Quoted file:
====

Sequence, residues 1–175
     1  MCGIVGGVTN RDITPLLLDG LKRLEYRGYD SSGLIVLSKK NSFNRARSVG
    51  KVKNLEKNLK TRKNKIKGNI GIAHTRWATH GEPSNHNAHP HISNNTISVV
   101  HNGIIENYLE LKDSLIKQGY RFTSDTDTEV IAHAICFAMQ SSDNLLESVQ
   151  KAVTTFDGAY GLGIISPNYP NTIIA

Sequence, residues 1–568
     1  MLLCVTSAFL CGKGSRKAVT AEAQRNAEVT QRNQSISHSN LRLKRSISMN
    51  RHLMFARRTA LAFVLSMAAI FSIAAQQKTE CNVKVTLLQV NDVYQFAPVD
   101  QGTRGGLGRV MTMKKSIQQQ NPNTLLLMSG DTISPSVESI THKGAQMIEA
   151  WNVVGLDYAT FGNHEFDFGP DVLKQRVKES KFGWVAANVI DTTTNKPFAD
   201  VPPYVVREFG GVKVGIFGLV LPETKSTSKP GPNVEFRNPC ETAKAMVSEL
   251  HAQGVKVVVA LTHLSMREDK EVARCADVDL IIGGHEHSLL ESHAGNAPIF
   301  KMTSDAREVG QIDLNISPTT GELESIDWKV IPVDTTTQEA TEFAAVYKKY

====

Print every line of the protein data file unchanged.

Sequence, residues 1–175
     1  MCGIVGGVTN RDITPLLLDG LKRLEYRGYD SSGLIVLSKK NSFNRARSVG
    51  KVKNLEKNLK TRKNKIKGNI GIAHTRWATH GEPSNHNAHP HISNNTISVV
   101  HNGIIENYLE LKDSLIKQGY RFTSDTDTEV IAHAICFAMQ SSDNLLESVQ
   151  KAVTTFDGAY GLGIISPNYP NTIIA

Sequence, residues 1–568
     1  MLLCVTSAFL CGKGSRKAVT AEAQRNAEVT QRNQSISHSN LRLKRSISMN
    51  RHLMFARRTA LAFVLSMAAI FSIAAQQKTE CNVKVTLLQV NDVYQFAPVD
   101  QGTRGGLGRV MTMKKSIQQQ NPNTLLLMSG DTISPSVESI THKGAQMIEA
   151  WNVVGLDYAT FGNHEFDFGP DVLKQRVKES KFGWVAANVI DTTTNKPFAD
   201  VPPYVVREFG GVKVGIFGLV LPETKSTSKP GPNVEFRNPC ETAKAMVSEL
   251  HAQGVKVVVA LTHLSMREDK EVARCADVDL IIGGHEHSLL ESHAGNAPIF
   301  KMTSDAREVG QIDLNISPTT GELESIDWKV IPVDTTTQEA TEFAAVYKKY